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Special Property Division Issues: What Is the Difference Between Property Division & Reimbursement Claims?

Property Division

In divorce cases, Texas courts are required to make a just and fair division of the parties’ property. Under Texas law, courts resolve property division issues according to principles of community property. Sometimes, a court will order one spouse to reimburse the other spouse for certain expenses or transactions. This article is the first of a series of blogs that examines special property division issues in divorce cases. Here, we look at the difference between dividing community assets and reimbursement claims between the divorcing parties.

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Rights Under Texas’ Community Property System

When a married couple acquires property, Texas law presumes that such property is community property. Simply put, the spouses in a marriage both have an ownership interest in community property. For example, when a married couple buys a house to live in together, the law presumes that the house belongs to both spouses rather than one of them. Many married couples purchase property, such as furniture and real estate, with the intention that both spouses will own and use said property. Therefore, such property is deemed to be community property.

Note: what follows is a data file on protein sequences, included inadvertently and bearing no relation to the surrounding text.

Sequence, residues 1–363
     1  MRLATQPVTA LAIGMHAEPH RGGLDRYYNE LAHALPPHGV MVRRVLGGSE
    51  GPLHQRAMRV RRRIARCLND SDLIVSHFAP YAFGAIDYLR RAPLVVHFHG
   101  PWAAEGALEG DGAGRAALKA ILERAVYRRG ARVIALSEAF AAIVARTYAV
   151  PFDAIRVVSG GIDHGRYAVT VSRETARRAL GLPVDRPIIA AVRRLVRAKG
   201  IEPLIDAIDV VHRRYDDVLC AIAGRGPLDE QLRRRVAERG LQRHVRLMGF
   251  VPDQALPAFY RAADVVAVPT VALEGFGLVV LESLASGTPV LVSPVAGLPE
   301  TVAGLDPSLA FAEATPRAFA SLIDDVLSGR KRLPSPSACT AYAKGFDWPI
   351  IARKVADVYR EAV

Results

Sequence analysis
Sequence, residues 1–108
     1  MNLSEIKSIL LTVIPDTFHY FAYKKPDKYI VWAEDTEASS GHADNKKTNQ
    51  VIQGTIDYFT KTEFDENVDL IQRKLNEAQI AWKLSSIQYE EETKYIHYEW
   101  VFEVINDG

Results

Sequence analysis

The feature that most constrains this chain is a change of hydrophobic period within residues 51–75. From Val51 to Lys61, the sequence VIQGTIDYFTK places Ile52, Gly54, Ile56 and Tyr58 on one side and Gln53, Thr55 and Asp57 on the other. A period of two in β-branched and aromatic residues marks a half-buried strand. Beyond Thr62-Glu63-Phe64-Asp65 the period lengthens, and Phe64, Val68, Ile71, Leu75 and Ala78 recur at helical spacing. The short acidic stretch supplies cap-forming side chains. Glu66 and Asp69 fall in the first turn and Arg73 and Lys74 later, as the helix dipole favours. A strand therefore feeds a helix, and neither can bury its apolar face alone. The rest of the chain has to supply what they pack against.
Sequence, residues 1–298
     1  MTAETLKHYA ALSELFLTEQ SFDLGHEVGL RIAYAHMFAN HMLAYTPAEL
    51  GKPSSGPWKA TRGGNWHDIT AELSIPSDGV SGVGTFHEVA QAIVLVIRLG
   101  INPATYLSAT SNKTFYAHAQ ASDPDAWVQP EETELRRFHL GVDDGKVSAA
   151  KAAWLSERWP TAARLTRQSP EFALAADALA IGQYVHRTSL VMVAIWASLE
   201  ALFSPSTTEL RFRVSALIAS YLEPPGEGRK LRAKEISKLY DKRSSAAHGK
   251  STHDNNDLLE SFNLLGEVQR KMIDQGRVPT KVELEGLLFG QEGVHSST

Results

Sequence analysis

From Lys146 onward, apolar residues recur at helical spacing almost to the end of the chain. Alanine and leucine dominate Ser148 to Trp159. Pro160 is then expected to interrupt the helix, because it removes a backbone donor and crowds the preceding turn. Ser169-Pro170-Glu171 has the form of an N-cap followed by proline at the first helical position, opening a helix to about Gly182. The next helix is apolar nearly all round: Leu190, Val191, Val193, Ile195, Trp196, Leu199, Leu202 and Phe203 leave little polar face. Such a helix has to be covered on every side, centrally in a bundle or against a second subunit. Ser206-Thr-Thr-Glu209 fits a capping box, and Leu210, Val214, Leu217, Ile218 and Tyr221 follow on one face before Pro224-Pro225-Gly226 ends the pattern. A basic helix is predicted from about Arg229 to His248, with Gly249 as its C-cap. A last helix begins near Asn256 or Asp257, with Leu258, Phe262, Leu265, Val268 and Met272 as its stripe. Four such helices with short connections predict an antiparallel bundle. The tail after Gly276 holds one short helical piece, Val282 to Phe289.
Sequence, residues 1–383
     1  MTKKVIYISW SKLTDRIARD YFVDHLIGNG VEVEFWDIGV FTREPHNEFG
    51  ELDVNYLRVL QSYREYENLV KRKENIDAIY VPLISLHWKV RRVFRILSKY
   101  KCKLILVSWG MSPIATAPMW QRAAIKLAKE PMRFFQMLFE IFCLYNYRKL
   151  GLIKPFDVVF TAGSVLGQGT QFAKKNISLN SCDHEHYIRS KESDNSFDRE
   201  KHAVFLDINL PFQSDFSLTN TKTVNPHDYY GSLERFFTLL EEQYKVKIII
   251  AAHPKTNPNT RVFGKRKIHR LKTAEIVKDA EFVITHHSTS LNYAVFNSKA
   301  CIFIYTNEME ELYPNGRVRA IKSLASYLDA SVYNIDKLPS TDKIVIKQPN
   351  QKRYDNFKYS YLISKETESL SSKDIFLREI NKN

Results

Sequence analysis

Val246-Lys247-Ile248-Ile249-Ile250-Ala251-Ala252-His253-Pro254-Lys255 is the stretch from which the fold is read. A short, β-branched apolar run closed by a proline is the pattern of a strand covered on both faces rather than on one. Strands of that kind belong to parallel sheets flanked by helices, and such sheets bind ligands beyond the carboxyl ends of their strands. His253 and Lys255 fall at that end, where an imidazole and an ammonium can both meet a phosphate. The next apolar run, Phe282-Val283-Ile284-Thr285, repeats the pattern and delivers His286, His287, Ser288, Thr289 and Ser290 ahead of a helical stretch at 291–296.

However, when spouses get a divorce, they cannot be reasonably expected to share ownership of their property if they move on to lead separate lives. Because both spouses have an ownership interest in community property, Texas courts will conduct a just and right division of community property upon divorce.

Property that an individual spouse acquires before marriage, after divorce, or during marriage through gift or inheritance, is not considered to be community property and therefore is not subject to division upon divorce. For instance, when someone acquires ownership of a pet dog before meeting their spouse and marrying them, it is safe to say that they didn’t intend to jointly own the pet with their future spouse.

In summary, both spouses have ownership rights to community property by virtue of their marriage. As a result, community property must be justly and fairly divided upon divorce. In contrast, one’s spouse does not have an ownership interest in the other spouse’s separate property. Therefore, separate property is not divisible upon divorce.

General Reasons for Reimbursement

Reimbursement requires a party to repay the other party for the use of property to which they had an ownership right. Reimbursement claims arise when a party’s property was used for the sole and separate benefit of the other spouse. Reimbursement claims do not create an ownership interest in the property, although such claims might arise from a party’s ownership interest in specific property.

Texas courts are required to use equitable principles to resolve a reimbursement claim in divorce proceedings. Reimbursement claims do not impact the other spouse’s right to manage, control, and transfer marital property.

Two common situations that implicate a party’s right to reimbursement involve the following: